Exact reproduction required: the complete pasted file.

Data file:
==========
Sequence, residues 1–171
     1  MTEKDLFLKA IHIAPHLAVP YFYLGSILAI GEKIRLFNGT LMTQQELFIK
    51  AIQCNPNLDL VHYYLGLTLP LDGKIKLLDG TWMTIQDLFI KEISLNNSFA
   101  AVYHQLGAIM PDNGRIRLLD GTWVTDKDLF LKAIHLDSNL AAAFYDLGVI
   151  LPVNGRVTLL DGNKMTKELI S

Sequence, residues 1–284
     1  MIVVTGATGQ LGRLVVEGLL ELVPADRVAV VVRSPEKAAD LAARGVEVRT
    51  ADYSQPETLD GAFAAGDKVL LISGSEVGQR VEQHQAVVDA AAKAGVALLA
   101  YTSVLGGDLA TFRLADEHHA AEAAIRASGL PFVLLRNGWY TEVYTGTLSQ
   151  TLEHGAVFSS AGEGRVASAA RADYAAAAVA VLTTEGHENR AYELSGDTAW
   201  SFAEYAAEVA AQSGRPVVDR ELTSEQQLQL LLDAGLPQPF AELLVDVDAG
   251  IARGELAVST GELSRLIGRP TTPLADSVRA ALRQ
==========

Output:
Sequence, residues 1–171
     1  MTEKDLFLKA IHIAPHLAVP YFYLGSILAI GEKIRLFNGT LMTQQELFIK
    51  AIQCNPNLDL VHYYLGLTLP LDGKIKLLDG TWMTIQDLFI KEISLNNSFA
   101  AVYHQLGAIM PDNGRIRLLD GTWVTDKDLF LKAIHLDSNL AAAFYDLGVI
   151  LPVNGRVTLL DGNKMTKELI S

Sequence, residues 1–284
     1  MIVVTGATGQ LGRLVVEGLL ELVPADRVAV VVRSPEKAAD LAARGVEVRT
    51  ADYSQPETLD GAFAAGDKVL LISGSEVGQR VEQHQAVVDA AAKAGVALLA
   101  YTSVLGGDLA TFRLADEHHA AEAAIRASGL PFVLLRNGWY TEVYTGTLSQ
   151  TLEHGAVFSS AGEGRVASAA RADYAAAAVA VLTTEGHENR AYELSGDTAW
   201  SFAEYAAEVA AQSGRPVVDR ELTSEQQLQL LLDAGLPQPF AELLVDVDAG
   251  IARGELAVST GELSRLIGRP TTPLADSVRA ALRQ